Father: Official term of address for a priest, as he is seen as a mediator between God and men, the conduit through which the eucharistic transubstantiation is performed, and in matters of faith and practice the wise leader of a spiritual “family” (his parishioners). This is in direct violation of the commandment of Jesus in Matthew 23:9, wherein our Lord states, “And call no man your father upon the earth: for one is your Father, who is in heaven.”

Though Catholics downplay the importance of this distinction, to call anyone “father” in the official, spiritual sense indicates deference to his presumed spiritual standing, which is believed to be higher and more in tune with God. Implied in this term and image of the Catholic “father” is the idea of a God who is not directly approachable by the “laity,” or the everyday Catholic. Instead, the common people who come with petitions or confessions to God the Father approach through a complex spiritual protocol of Mary, the saints, the angels, and, of course, the family or parish priest. But the Scriptures tell us repeatedly that “. . . because ye are sons, God has sent forth the Spirit of his Son into your hearts, crying, Abba, Father” (Galatians 4:6) and that we are to “come boldly unto the throne of grace, that we may obtain mercy, and find grace to help in time of need” (Hebrews 4:16). By His death and resurrection, Christ Himself has torn the veil that separated us from God (Matthew 27:51) and removed the system that required a human high priest as intermediary. A priest, Catholic or otherwise, is no longer needed for the Christian to directly approach his Father God.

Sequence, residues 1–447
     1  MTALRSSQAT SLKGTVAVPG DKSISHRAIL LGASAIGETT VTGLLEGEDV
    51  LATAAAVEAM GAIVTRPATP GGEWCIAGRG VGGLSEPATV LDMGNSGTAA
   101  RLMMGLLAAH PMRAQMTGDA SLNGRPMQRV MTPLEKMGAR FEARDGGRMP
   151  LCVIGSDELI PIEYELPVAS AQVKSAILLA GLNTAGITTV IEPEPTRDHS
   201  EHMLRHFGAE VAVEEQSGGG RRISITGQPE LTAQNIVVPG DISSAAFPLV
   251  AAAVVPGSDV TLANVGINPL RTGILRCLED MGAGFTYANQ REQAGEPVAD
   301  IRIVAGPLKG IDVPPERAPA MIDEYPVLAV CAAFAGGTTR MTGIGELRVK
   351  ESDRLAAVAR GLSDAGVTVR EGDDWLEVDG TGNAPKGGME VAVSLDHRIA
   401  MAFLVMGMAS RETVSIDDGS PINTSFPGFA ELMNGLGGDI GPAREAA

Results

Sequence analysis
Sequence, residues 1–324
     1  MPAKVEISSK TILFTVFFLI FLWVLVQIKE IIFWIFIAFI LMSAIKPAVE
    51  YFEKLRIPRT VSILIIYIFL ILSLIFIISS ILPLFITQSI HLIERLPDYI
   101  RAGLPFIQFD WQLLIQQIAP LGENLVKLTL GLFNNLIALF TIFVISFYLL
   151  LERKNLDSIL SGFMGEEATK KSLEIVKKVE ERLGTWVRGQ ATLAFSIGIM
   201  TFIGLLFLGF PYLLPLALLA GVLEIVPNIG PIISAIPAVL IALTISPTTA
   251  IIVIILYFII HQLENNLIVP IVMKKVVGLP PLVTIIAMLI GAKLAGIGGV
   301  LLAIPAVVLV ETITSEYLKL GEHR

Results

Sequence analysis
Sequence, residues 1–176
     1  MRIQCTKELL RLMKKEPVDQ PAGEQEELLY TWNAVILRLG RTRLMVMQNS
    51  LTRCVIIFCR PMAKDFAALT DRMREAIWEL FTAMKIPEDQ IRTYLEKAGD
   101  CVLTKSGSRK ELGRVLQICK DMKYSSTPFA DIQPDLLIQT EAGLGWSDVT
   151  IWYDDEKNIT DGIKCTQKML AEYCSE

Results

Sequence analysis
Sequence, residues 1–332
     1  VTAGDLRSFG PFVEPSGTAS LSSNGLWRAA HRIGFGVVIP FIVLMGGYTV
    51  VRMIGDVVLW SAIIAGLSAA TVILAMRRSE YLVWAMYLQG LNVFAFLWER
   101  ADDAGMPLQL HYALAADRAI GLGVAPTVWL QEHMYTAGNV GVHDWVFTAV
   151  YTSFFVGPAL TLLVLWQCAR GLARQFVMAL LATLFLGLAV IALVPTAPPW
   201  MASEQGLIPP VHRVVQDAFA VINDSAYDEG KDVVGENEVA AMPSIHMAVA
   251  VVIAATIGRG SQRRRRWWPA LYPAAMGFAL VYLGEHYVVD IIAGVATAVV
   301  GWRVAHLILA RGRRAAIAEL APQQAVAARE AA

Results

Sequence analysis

Genuflection: The act of bowing down on one knee before the altar, often in consort with a sign of the cross, in worship of the Jesus whom Catholics believe is physically present in the Host. The Host is kept in a special, ornate box behind the altar. The faithful Catholic, before leaving the church building, turns, faces the Host (the body of Jesus), and falls on one knee in worship of the Host he believes to be God. This is no less than idolatry.